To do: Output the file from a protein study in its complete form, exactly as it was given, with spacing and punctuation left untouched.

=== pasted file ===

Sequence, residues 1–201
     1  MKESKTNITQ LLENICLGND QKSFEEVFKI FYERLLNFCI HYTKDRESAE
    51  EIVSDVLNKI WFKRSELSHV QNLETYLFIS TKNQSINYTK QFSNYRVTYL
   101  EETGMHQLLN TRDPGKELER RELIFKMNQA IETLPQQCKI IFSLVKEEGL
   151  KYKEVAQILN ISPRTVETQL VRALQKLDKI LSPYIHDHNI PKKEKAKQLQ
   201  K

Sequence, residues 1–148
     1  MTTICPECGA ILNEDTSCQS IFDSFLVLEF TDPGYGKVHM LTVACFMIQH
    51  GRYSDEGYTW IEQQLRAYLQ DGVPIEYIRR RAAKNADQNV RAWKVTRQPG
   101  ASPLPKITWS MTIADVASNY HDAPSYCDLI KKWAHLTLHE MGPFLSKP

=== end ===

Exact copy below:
Sequence, residues 1–201
     1  MKESKTNITQ LLENICLGND QKSFEEVFKI FYERLLNFCI HYTKDRESAE
    51  EIVSDVLNKI WFKRSELSHV QNLETYLFIS TKNQSINYTK QFSNYRVTYL
   101  EETGMHQLLN TRDPGKELER RELIFKMNQA IETLPQQCKI IFSLVKEEGL
   151  KYKEVAQILN ISPRTVETQL VRALQKLDKI LSPYIHDHNI PKKEKAKQLQ
   201  K

Sequence, residues 1–148
     1  MTTICPECGA ILNEDTSCQS IFDSFLVLEF TDPGYGKVHM LTVACFMIQH
    51  GRYSDEGYTW IEQQLRAYLQ DGVPIEYIRR RAAKNADQNV RAWKVTRQPG
   101  ASPLPKITWS MTIADVASNY HDAPSYCDLI KKWAHLTLHE MGPFLSKP